Saturday, December 17, 2016

Doxology Amidst Dogma

In the opening verse of Luke's Christmas story, recorded in Luke  2:1-20, we hear that "a decree went out from Emperor Augustus that all the world should be registered." (NRSV)   The word translated 'decree' is actually a Greek word we know well:  dogma.  A dogma was often an imperial command; one ignored it at one's peril.  Later in the story we hear of the song of the heavenly host who sing, "Glory to God in the highest heaven, and on earth peace among those whom he favors." The opening word in that song is also a Greek word we know well:  doxa, from which we derive the word doxology.  So what we have in this story is doxa amidst dogma - songs of praise to God amidst all the decrees of the empire.  What a sign of hope this is!

(The following questions are part of a method I have developed in my brief guide to Law and Gospel preaching, Afflicting the Comfortable, Comforting the Afflicted, available from amazon.  These questions are a way of getting at some of the fundamental issues for law and gospel preachers.)

1.  How does the Word function in the text?  This is a very complete story from the standpoint of Law and Gospel.  The Word functions clearly to announce the multiple ways we need Jesus - this is the Law.  For example, we need Jesus because we live in a world of decrees, of emperors, of poverty, and of many other afflictions.  In short, we live in a broken world.  The Word also functions to announce God's amazing gift of Jesus - this is, of course, pure Gospel.  Jesus comes as one of us, vulerable, poor, dependent on the good graces of others.

2. With whom are you identifying in the text?  There are multiple characters we could identify with, but the shepherds seem the most helpful.  It is always important to identify with those whom the Word addresses, and the Word addresses them directly: "To you is born this day in the city of David, a Savior, who is the Messiah."  We are those living in a world of decrees, poor, alone on a hillside in the night, wondering if God even knows we exist, who are visited by an angel.

3.  What, if any, call to obedience is there in this text?  There is no clear call to obedience here, but it is clear that the shepherds are examples for us.  Luke tells us that "they made known what had been told them about this child." That is our charge as well - to make known what has been told us.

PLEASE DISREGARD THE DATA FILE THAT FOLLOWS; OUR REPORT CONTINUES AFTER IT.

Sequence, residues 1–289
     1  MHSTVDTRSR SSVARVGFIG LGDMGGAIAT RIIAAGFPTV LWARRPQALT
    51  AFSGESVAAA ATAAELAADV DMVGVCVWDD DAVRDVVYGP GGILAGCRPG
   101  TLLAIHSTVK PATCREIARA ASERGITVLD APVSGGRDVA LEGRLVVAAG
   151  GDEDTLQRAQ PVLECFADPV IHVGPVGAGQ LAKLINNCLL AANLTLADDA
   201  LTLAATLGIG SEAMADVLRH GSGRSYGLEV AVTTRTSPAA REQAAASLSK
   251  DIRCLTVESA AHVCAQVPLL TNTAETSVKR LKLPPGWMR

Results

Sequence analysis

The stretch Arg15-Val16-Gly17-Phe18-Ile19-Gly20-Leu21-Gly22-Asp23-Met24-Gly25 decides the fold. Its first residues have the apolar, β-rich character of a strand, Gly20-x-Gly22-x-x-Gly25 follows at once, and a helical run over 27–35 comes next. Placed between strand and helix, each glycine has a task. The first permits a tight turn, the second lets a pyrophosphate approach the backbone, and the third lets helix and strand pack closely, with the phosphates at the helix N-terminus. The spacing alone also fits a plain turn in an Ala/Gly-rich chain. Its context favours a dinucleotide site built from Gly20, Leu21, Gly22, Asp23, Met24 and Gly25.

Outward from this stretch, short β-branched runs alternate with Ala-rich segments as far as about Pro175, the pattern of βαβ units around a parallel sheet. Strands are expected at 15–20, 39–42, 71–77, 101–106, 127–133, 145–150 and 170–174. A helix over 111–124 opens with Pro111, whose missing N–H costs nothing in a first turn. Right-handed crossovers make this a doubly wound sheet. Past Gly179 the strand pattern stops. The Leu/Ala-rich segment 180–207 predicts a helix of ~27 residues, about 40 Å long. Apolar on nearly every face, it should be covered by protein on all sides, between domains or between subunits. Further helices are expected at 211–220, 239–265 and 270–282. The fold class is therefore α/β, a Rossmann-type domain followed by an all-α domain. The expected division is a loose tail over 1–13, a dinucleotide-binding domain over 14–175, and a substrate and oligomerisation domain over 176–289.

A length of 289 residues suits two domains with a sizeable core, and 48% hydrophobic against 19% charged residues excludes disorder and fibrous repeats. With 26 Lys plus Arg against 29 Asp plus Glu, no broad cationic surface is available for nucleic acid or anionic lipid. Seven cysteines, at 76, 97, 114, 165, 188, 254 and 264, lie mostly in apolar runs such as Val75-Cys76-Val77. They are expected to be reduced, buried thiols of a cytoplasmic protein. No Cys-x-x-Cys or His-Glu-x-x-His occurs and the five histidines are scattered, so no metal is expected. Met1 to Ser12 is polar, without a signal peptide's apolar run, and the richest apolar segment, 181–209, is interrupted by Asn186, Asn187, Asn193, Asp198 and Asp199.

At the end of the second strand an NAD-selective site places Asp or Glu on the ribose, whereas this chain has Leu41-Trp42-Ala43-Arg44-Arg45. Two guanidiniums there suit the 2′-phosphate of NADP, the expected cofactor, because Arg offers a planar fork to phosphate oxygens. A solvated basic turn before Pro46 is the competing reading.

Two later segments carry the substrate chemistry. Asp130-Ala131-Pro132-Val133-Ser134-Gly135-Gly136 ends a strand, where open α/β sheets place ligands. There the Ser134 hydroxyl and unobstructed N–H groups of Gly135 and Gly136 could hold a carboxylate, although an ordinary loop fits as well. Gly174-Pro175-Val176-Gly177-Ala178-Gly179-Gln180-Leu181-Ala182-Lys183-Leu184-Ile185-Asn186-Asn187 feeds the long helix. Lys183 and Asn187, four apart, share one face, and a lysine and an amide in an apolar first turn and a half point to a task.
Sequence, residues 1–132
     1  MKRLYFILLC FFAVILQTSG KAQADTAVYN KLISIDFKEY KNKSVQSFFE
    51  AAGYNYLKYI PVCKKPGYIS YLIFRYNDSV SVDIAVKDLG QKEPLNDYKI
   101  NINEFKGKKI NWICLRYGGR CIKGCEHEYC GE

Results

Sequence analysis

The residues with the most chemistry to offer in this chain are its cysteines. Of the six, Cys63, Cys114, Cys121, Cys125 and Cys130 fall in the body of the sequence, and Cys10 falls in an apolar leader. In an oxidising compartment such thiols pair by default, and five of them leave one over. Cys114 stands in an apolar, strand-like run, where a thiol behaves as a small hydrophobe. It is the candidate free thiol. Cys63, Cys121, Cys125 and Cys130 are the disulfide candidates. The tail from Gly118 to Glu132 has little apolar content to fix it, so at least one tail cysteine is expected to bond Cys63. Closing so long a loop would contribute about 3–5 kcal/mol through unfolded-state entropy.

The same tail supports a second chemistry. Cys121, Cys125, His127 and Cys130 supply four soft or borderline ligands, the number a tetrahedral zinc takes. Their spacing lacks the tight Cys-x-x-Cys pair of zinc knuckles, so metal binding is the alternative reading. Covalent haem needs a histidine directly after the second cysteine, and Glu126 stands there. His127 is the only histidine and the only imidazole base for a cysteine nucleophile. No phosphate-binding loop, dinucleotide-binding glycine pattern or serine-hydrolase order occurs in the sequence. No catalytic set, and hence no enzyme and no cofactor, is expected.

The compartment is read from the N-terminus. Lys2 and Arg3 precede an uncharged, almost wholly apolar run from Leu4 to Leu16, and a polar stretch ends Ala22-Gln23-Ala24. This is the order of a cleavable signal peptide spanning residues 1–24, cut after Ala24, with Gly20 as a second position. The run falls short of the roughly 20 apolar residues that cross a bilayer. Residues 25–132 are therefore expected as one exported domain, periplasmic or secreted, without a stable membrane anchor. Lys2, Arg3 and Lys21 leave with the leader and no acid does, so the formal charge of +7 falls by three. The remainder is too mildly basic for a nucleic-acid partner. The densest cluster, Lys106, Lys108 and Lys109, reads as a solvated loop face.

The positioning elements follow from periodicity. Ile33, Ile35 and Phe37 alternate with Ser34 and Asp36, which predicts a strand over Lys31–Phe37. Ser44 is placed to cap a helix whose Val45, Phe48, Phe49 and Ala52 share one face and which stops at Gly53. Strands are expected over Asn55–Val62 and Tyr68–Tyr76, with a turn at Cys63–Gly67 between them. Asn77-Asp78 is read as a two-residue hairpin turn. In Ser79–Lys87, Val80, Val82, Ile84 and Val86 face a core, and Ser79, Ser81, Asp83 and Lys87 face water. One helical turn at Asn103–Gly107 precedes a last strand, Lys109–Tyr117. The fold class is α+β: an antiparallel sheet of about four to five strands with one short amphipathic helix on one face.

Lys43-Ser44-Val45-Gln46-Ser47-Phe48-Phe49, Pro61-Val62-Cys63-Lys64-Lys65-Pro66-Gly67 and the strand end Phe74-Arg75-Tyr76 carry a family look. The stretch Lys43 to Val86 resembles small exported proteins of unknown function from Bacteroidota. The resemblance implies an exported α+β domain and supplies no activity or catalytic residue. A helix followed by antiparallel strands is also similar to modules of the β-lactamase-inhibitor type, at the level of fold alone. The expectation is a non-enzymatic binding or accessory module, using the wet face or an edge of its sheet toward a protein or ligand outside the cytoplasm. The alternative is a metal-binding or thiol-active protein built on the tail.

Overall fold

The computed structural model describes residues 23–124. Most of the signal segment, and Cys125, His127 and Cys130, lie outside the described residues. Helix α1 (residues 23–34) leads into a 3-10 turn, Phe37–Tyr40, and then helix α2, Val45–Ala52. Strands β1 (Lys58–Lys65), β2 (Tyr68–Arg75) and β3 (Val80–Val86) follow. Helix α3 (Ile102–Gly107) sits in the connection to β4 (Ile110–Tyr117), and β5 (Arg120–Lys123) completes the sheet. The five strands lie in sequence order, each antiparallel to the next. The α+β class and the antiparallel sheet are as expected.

4.  What Law/Gospel couplet is suggested by this text?  Again the shepherds help us here.  They are first afraid, then hopeful.  They are at first silent, then boldly telling all what they have heard and seen.

5.  Exegetical work:  Luther, in a sermon for Christmas Eve, 1525, noted that the birth of the Christ is a fulfillment of the Magnificat:  "He has brought down the powerful from their thrones, and lifted up the lowly; he has filled the hungry with good things, and sent the rich away empty."  Luther said, "Nobody notices or understands what God performs in the stable.  He permits big houses and the expensive rooms to remain empty; he permits them to eat, to drink, and to be of good cheer, but this solace and this treasure is hidden from them.  Oh, what a dark night must been over Bethlehem at that time that they did not see such a light!"(Luther's Work's, vol. 52, p. 9-10)  This reminds me again of how God brings 'doxology' in the time of 'dogma'.  When the world is enamored with pomp and circumstance, God brings life to the world through the lowliest folk.  It is as St. Paul said: "God chose what is foolish in the world to shame the wise; God chose what is weak in the world to shame the strong; God chose what is low and despised in the world, things that are not, to reduce to nothing things that are, so that no one might boast in the presence of 'God." (I Cor. 1:27-29)

6.  Consider the insights of the pioneers of the New Homiletic?  Henry Mitchell always urged the preacher to be the first one to celebrate the gifts of God revealed in the text.  Where is our celebration going to burst forth in our sermon?  Where is our ecstasy going to be revealed?

Blessings on your proclamation!

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